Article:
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long songs reddit, long songs

Pink Floyd's "Dark Side of the Moon," Nina Simone and Weird Al Yankovic.

In the age of quick bops and catchy choruses, kids today have no appreciation of the value of long, intricate, dynamic musical pieces. Yes, I just used the phrase "kids today." It's happened. I'm old.

Songs serve two purposes. One, to elicit a certain mood, feeling or ambiance. And two, to regale a compelling story. Longer songs can easily do both. There's something cinematic about them. And if done well, long songs become iconic. Case in point, the mini opera of Queen's "Bohemian Rhapsody," which by all accounts should not have received astronomic radio play, but did.

A nostalgic, impassioned Reddit thread began when one person asked the simple question: "What is your favorite LONG song (over 7 minutes)?"

Here were some of the highlights. Maybe some you know, maybe some will surprise you.


“I Feel Love” by Donna Summer

Ah, this song is a psychedelic delight. It's so good, it's so good, it's so good that the Blue Man Group recreated their own kooky version of it. Yes, it's a dance song, but man does it transport you to a place where love is real, but time, somehow, is not. Is it dreamy? Oh yes. But is it pure fluff? Certainly not. Not to mention its innovative and artistic use of synthesizers gave disco music a never-before-heard futuristic up-level.

As this is the "beach day song" for me and my boyfriend, I was personally happy it made the list.

“Echoes” by Pink Floyd

Not sure we can have a "list of long songs" without mentioning Pink Floyd. This band is pretty much synonymous with intricate rock compositions. "Echoes" in particular is a fan favorite, and a song that surprisingly came by accident when a rotated speaker caused an interesting feedback sound that became the beginning of this legendary science fiction acid trip set to music.

Roger Waters explained in an interview that the meaning behind the song was to explore "the potential that human beings have for recognizing each other's humanity and responding to it, with empathy rather than antipathy." With lyrics like:

"Strangers passing in the street
By chance two separate glances meet
And I am you and what I see is me."

…I'd say that checks out. This song is really more of a rock 'n' roll mediation, above anything else.

“Roundabout” by Yes

Not many songs can boast popularity in both the rock and anime crowds. But this one can. The progressive rock tune from 1971 makes an appearance in the 2012 anime "Jojo's Bizarre Adventure" as the show's ending theme song.

But what really makes this song a standout is its use of "deceptive cadence," which is basically putting a note or chord in an unexpected place. Not to mention there are approximately 57 false stops where you think the song is about to end. It doesn't. Not for a whopping eight-and-a-half minutes. There's so much that shouldn't work musically in this song, that for some magical reason does. So it doesn't surprise me that it made the list.

“Sinnerman” by Nina Simone

Originally an African American spiritual song, "Sinnerman" weaves the tale of a man running from God on Judgment Day. Spoiler alert: He doesn't succeed. Simone masterfully mixes the Southern styles of blues and jazz, making it even more of a religious experience. According to an article on udiscovermusic.com, Simone would often close out performances with this tune in order to "shake people up." And since it has everything from plinking piano sound to an all out rock 'n' roll guitar solo, how could it do anything but shake people up?

If you've never heard Simone's epic "Sinnerman," listen now. And repent.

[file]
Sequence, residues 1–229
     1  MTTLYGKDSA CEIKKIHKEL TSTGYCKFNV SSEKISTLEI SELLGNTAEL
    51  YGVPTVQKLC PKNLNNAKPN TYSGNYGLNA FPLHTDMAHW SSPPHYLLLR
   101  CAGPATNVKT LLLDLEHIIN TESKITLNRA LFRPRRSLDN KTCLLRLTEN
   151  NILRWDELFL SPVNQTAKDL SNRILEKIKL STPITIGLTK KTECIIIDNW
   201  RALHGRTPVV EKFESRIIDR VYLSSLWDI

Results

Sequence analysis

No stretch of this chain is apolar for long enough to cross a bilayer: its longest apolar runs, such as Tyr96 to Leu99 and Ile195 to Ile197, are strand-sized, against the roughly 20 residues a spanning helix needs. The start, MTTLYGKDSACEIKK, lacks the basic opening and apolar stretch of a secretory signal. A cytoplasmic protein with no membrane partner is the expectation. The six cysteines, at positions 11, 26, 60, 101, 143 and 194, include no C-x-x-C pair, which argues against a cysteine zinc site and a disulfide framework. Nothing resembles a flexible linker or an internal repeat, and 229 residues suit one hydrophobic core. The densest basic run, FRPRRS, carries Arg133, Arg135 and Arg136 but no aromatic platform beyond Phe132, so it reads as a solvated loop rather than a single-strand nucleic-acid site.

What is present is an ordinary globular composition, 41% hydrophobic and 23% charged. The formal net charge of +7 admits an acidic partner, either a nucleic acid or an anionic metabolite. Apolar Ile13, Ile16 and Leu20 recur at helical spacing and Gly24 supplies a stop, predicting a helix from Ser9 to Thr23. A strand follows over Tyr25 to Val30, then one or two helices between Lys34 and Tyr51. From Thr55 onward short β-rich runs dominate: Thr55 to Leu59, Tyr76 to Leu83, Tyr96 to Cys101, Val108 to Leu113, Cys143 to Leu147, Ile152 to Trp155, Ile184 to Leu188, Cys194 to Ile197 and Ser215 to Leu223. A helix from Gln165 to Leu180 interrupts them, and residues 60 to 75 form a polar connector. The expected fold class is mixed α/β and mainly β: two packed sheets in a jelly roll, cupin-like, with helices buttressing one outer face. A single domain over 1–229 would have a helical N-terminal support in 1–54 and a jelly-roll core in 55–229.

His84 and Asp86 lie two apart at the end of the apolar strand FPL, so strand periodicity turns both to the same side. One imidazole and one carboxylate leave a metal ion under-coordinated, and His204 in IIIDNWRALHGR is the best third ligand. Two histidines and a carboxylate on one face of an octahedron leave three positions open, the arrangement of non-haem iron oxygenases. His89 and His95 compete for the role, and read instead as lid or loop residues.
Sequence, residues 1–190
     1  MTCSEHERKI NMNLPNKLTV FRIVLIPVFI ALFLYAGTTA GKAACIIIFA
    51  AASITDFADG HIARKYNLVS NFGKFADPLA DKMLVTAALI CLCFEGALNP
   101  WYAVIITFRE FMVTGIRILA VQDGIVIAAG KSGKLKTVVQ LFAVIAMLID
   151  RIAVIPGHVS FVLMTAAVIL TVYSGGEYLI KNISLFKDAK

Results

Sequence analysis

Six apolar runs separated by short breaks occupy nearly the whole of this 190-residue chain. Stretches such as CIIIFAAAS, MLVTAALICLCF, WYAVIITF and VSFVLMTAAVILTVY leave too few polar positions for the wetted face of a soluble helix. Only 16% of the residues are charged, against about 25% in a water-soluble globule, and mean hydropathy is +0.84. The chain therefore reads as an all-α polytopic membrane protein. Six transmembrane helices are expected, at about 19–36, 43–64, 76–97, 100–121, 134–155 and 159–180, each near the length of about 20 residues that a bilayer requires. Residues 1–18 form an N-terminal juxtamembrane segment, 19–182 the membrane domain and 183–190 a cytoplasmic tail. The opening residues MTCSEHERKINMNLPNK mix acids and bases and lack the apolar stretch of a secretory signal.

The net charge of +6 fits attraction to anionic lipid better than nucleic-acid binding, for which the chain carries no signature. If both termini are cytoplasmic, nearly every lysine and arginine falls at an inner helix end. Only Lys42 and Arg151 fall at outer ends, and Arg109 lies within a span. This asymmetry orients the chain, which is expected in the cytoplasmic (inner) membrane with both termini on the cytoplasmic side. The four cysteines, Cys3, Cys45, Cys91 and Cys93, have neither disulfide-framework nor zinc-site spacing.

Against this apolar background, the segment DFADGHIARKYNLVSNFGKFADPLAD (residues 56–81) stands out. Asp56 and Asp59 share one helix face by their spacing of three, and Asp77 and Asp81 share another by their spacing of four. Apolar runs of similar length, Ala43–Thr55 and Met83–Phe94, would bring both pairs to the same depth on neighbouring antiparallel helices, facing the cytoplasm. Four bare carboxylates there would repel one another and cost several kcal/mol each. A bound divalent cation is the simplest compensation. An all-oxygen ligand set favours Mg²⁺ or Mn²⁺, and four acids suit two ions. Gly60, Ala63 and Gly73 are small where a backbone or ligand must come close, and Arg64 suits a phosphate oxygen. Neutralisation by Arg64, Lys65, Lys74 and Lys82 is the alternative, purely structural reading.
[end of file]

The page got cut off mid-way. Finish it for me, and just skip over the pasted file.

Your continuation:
“Albuquerque” by Weird al Yankovic

That's right. The Parody King himself made the list. I truly saved the "weirdest" for last. This song, the final track of Al's "Running With Scissors" album, is just shy of 12 minutes. It's a long, meandering odyssey for the ears created as Al himself said, "to annoy people." The full lyrics never even made it to the album's liner notes (you know, those little pamphlets that came with the now-ancient CDs). Instead, it includes an apology from Yankovic and a cheeky message that the listeners will have to just finish the song to get all the lyrics. Well played, Al. Well played.

It's a story that starts off with force-fed sauerkraut that logically leads to a contest to guess the molecules in Leonard Nimoy's butt, and then a one-way ticket to (you guessed it) Albuquerque. Somehow a plane crash, donuts, weasels and a "one-nostriled" man are involved. Oh and a love story is crammed in there.

There were several honorable mentions I could list: Led Zeppelin, Tool, The Velvet Underground, Iron Maiden. But despite the subject matter of this article, I wanted to keep things brief.

One thing's for sure, there's still a hefty amount of appreciation for musical sagas that really take us on a journey. I'm sure Billie Eillish will get the idea eventually.

All images provided by Bombas

We can all be part of the giving movement

True

We all know that small acts of kindness can turn into something big, but does that apply to something as small as a pair of socks?

Yes, it turns out. More than you might think.

A fresh pair of socks is a simple comfort easily taken for granted for most, but for individuals experiencing homelessness—they are a rare commodity. Currently, more than 500,000 people in the U.S. are experiencing homelessness on any given night. Being unstably housed—whether that’s couch surfing, living on the streets, or somewhere in between—often means rarely taking your shoes off, walking for most if not all of the day, and having little access to laundry facilities. And since shelters are not able to provide pre-worn socks due to hygienic reasons, that very basic need is still not met, even if some help is provided. That’s why socks are the #1 most requested clothing item in shelters.

homelessness, bombasSocks are a simple comfort not everyone has access to

When the founders of Bombas, Dave Heath and Randy Goldberg, discovered this problem, they decided to be part of the solution. Using a One Purchased = One Donated business model, Bombas helps provide not only durable, high-quality socks, but also t-shirts and underwear (the top three most requested clothing items in shelters) to those in need nationwide. These meticulously designed donation products include added features intended to offer comfort, quality, and dignity to those experiencing homelessness.